1. GitLab Pricing implies that the 5 user limit will be applied to self-hosted “Free” tier. It says “5 users per namespace” under the button that leads to the install page for GitLab self-hosted free.

  2. As absurd as this seems now that I’ve gone back and re-read the announcement and FAQ: It was genuinely not clear to me that self-hosted was exempt from the limit.
    2.1. https://about.gitlab.com/blog/2022/03/24/efficient-free-tier/: “Free and paid self-managed subscriptions” → Self-hosting GitLab is not a subscription. It’s hosting a piece of open source software. No contract is required is it?
    2.2 “Organizations impacted by this change should consider” vs “Free tier users using GitLab […] should”: I’m a free tier user impacted by this, but I’m not an organisation, so it wasn’t clear that paragraph was applicable to me as a non-corporate entity.
    2.3 " the free tier of the self-managed offering and community programs - including GitLab for Open Source, Education and Startups users" The missing oxford comma actually confused me…

Would it be silly to ask for a migration table/flowchart? Because of the confusing terms “self-managed subscription” or “self-managed offering” it’s very hard to parse.

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Hi @littleski I understand this must be difficult for you. Thanks for raising your concern here.

May we recommend you to contact our team so they can guide you on options?

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Hi @tboby thanks for sharing.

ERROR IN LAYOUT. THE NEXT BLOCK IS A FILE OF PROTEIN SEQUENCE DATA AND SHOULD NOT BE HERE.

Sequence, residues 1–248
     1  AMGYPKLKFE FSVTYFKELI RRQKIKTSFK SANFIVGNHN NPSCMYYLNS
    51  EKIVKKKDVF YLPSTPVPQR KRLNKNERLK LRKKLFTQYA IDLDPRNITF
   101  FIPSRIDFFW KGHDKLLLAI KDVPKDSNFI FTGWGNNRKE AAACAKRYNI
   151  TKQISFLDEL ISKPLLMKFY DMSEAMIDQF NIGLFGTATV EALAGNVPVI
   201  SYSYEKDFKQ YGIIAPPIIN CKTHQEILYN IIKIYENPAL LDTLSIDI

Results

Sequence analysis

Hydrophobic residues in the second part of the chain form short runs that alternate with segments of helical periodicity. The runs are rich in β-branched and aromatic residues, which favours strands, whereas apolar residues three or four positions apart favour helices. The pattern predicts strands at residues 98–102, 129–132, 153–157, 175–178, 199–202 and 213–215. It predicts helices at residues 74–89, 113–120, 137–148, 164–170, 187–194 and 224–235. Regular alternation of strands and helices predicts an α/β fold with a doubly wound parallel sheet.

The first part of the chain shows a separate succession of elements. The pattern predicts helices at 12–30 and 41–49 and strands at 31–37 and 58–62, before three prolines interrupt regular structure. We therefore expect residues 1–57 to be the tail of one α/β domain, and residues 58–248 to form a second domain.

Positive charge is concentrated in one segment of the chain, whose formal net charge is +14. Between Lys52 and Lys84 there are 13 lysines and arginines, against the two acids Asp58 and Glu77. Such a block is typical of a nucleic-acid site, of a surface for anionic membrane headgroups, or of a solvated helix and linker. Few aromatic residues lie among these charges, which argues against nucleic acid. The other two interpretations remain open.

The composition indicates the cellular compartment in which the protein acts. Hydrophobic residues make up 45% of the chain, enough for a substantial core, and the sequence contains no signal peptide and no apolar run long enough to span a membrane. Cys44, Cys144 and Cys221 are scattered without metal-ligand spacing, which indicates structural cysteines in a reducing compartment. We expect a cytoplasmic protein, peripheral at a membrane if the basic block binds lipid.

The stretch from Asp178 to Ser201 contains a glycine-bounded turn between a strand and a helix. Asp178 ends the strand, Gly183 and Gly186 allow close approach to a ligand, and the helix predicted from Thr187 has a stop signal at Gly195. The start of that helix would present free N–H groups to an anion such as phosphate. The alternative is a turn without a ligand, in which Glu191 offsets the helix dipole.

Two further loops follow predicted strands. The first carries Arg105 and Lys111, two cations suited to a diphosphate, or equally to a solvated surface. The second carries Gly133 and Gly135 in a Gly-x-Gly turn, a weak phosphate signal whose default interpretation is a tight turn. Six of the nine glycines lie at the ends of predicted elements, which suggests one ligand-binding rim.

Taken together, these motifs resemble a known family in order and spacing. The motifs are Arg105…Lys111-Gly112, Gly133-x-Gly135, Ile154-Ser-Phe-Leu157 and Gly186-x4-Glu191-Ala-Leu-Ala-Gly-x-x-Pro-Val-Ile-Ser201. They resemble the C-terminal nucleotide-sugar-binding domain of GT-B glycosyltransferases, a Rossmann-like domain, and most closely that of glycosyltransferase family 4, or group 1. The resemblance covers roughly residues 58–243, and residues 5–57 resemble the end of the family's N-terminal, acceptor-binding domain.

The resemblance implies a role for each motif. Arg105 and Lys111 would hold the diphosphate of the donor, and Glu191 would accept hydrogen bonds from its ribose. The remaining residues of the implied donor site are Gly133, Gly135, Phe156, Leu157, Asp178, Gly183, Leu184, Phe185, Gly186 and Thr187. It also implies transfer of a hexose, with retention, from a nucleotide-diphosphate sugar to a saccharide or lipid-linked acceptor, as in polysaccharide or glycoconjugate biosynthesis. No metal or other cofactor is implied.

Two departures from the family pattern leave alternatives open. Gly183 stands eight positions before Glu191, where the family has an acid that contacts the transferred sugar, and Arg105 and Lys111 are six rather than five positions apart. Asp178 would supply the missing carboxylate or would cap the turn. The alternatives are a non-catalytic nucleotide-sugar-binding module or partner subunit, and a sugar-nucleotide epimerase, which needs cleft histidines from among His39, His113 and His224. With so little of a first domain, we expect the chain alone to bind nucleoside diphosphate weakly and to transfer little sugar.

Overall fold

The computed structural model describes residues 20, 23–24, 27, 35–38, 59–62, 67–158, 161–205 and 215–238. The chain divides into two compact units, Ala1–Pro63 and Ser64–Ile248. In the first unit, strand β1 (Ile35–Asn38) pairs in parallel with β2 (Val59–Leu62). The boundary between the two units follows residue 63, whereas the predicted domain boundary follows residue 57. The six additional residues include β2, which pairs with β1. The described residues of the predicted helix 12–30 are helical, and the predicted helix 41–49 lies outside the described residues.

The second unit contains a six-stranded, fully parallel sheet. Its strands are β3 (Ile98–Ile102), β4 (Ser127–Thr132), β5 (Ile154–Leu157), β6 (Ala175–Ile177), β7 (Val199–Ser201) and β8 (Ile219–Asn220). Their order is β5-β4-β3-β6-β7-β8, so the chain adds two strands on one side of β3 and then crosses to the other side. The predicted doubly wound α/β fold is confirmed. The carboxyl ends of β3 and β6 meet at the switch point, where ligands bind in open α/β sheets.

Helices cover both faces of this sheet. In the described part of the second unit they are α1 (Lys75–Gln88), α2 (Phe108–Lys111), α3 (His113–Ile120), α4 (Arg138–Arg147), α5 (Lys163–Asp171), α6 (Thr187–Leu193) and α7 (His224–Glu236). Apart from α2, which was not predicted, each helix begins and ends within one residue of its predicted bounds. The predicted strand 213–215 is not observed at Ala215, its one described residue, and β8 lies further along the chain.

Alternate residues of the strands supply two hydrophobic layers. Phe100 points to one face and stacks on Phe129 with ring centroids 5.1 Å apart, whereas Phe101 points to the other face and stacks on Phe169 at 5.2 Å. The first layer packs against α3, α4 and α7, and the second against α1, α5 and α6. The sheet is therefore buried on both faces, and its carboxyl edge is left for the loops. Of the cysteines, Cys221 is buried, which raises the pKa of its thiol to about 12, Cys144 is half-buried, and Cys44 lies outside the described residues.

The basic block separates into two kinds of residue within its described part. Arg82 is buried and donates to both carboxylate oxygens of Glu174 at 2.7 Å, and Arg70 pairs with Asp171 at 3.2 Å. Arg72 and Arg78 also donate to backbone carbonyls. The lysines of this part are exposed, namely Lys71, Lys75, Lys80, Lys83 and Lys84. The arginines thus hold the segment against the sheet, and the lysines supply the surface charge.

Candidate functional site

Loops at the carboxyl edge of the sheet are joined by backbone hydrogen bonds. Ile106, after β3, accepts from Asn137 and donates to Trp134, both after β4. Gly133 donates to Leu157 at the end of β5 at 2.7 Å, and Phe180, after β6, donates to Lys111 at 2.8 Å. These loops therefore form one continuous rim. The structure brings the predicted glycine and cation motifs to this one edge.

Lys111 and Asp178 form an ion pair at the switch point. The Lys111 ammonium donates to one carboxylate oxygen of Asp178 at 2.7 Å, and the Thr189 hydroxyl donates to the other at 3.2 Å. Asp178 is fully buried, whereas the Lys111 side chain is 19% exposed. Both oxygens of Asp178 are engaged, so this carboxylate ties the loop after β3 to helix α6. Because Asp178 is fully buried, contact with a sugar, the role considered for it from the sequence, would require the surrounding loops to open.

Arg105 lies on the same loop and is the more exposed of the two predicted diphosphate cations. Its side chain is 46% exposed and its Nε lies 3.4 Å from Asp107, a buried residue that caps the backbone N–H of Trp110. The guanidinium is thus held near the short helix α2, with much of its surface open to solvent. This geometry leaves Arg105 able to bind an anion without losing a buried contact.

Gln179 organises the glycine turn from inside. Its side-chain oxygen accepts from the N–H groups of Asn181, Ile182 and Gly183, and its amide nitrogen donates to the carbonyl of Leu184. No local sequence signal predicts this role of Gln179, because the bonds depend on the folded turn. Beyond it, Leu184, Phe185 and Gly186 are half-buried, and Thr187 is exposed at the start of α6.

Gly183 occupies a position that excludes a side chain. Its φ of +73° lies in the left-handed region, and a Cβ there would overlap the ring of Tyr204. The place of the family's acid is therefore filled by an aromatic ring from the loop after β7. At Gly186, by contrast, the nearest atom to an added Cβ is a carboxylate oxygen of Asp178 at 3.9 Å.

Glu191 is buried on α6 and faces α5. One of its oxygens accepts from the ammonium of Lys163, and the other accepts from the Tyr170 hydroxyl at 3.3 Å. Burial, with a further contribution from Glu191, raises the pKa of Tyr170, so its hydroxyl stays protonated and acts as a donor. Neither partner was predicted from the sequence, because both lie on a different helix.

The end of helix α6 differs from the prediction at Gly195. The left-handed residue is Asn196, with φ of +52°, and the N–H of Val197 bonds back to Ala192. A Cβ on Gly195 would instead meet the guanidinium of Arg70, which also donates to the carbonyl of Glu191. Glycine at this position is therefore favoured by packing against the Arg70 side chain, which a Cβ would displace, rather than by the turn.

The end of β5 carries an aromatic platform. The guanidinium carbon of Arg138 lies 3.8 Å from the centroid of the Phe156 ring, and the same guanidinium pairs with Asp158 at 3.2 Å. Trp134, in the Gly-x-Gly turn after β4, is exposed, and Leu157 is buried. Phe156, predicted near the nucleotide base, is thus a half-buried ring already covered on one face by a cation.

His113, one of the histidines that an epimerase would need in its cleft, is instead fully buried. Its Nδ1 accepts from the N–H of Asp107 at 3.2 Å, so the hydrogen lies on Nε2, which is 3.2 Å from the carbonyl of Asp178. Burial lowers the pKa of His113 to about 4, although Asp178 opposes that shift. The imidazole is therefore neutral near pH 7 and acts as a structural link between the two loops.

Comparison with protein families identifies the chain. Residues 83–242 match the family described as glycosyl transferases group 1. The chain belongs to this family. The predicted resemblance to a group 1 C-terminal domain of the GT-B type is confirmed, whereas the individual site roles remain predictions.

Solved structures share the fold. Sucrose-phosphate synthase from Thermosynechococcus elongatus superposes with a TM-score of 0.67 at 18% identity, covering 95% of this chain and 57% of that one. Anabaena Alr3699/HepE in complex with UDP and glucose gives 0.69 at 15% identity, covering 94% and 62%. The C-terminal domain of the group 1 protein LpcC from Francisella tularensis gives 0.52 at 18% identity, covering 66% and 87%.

1. Are you referring to the Get Started button on the pricing page? The 5 users per namespace has a link that takes you to the FAQ which says “User limits for the free tier of GitLab SaaS”.

2.1, 2.2 and 2.3 are updated as per this MR

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Hmm, this is possibly a more general problem with the “Pricing” page being the summary for both SaaS and self-managed but not making it clear which aren’t relevant to each line of products.

Presumably Premium Self-Managed doesn’t come with 10,000 CI/CD minutes? You could argue that summary box (with no footnote mark for that item) implies it does, and I can’t think of a good non-technical reason you couldn’t make the global shared runners available to self-hosted. (I know in practice the way runners are registered makes it impossible right?).

The FAQ text for user limits explains when the limits will apply from; it doesn’t explicitly say the limit doesn’t apply at all to self-managed.

Awesome, thanks for reacting so rapidly!

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Tried that. They did not really provide any option. It’s either we pay, or we go on premise. Seems like there is no really good choice but to move to github.

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Our research group publishes all repos as public eventually, but we sometimes need to keep them private until they are published in scientific journals. That puts us out of the program and forces us to look for an alternative.